So it’s good that phonemakers follow similar techniques. But unlike patient photographers who shoot stars with a tripod, the regular phone user wants immediate satisfaction, and will almost never use a tripod. So the phone has the extra challenges that cause low-light capture to happen quite fast, and also minimizes blurring from camera shake – and even from the subject’s motion. Even the optical image stabilization available on many advanced phones has its limits.

I’m not positive what answering machine first employed several photos to improve low light, but the first one I used was the Huawei Mate 10 Pro. Its Night Shot mode takes a series of images over 4-5 seconds and then puts them in a single photo. Since Huawei leaves the real-time preview, we can see that it uses multiple exposures during that time, which essentially creates multiple attachments.

In its original HDR + paper, Levoy makes multiple exposures more difficult to adjust (which is why HDR + uses many identical exposed frames), so Google’s Night Sight, like SeeInTheDark, is likely to use a series of frames with identical exposures. But Google (not least in the previous version of the app) does not leave the real-time image on the phone’s screen, so it’s just speculation from my side. Samsung has used a different tactic in the Galaxy S9 and S9 +, with a double-blind headliner. It can switch to an impressive f / 1.5 in low light to enhance image quality.

Compare Huawei and Google’s low-light camera features

I do not have Pixel 3 or Mate 20 yet, but I have access to a Mate 10 Pro with Night Shot and a Pixel 2 with a pre-release version of Night Sight. So I decided to compare myself. Over a series of tests, Google clearly performed Huawei, with lower sound and sharp images. Here is a test sequence that illustrates:

Daylight Painting with Huawei Mate 10 Pro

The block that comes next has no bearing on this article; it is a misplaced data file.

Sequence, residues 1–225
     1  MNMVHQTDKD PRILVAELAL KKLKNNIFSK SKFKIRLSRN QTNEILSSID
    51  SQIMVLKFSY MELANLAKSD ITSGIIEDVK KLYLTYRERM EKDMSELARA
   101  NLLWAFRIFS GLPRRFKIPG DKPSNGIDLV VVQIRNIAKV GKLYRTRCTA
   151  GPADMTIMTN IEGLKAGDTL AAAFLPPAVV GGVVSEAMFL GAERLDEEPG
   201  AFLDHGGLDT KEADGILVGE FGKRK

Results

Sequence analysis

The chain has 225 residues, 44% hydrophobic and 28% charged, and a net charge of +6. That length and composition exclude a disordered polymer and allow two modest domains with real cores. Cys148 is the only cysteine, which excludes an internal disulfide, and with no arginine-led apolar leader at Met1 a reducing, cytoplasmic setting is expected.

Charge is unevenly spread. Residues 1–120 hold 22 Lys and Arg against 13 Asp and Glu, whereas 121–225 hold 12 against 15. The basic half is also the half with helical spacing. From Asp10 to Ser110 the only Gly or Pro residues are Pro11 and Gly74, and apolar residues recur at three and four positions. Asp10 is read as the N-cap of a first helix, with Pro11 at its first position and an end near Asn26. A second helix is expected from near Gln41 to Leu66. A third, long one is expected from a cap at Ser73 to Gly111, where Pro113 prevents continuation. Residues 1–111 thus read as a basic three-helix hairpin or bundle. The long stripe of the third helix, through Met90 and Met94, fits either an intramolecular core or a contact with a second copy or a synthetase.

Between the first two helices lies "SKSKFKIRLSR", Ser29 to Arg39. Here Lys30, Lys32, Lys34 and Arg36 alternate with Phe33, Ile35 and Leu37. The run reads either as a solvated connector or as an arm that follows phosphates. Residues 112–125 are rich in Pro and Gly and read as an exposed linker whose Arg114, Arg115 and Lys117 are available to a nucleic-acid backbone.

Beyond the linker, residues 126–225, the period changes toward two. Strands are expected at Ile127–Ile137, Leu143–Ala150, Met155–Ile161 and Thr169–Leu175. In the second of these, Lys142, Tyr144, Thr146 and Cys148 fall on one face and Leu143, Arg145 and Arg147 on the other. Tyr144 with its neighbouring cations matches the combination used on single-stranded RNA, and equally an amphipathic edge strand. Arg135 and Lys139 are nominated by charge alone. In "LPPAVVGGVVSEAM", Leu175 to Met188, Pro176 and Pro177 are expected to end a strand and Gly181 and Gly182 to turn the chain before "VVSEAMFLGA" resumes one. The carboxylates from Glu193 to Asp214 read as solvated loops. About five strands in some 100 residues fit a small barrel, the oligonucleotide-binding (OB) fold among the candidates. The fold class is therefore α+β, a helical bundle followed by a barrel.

Daylight Painting with Google Pixel 2 [19659021] Without a night shot mode, here’s what you photograph the same scene in the nearest darkness with Mate 10 Pro. It selects a 6 second shutter speed, which shows in blur. ” width=”640″ height=”480″ srcset=”×480.jpg 640w,×225.jpg 300w,×576.jpg 768w” sizes=”(max-width: 640px) 100vw, 640px”/>

Without a night screen mode, here’s what you photograph the same scene in the nearest darkness with Mate 10 Pro. It chose a 6 second shutter speed, which shows in blur.

A version shot almost the night with Night Shot on Huawei Mate 10 Pro. EXIF data shows ISO3200 and 3 seconds total exposure time.

Same scene using Night Sight on a pixel 2. More accurate color and slightly sharper. EXIF data shows ISO5962 and 1 / 4s for shutter speed (presumably for each of many frames). Both images were compressed to a smaller overall size for use on the web.

Is machine learning part of Night Sight’s Secret Sauce?

Given how long image stacking has been and how many camera manufacturers have used any version of it, it’s fair to ask why Google Night Sight seems to be so much better than anything else out there. First, the technology in Levoy’s original paper is also very complex, so the years Google has to keep improving on it should give them a decent start to someone else. But Google also said that Night Sight uses machine learning to determine the right colors for a scene based on content.

It’s pretty cool, but also quite vague. It’s not clear if it segments individual objects so that they know that they should be a consistent color or color known objects appropriately or globally recognize a type of scene how intelligent auto exposure algorithms do and decide how scenes it should generally look like (green foliage, white snow and blue sky for example). I am sure that when the final version rolls out and photographers get more capacity experience, we learn more about this use of machine learning.

Another location where machine learning may have benefited is the first calculation of exposure. The core HDR + technology behind Night Sight, documented in Google’s SIGGRAPH paper, is based on a handheld data set with thousands of sample scenes to help determine the right exposure for use. It seems like an area where machine learning can lead to some improvements, especially when exposing exposure to very low light, where the objects in the scene are noisy and difficult to distinguish. Google has also experimented with using neural networks to improve the quality of the phone, so it would not be surprising to start to see some of the techniques used.

No matter what combination of these technologies Google has used, the result is certainly the best low light camera mode on the market today. It will be interesting because the Huawei P20 family rolls out if it has been able to propel its own Night Shot capability closer to what Google has done.

Now read: Best Android Phones for Photographers 2018, Mobile Photography Workflow: Pushing the Envelope with Lightroom and Pixel, and LG V40 ThinQ: How 5 cameras push the limits of phone photography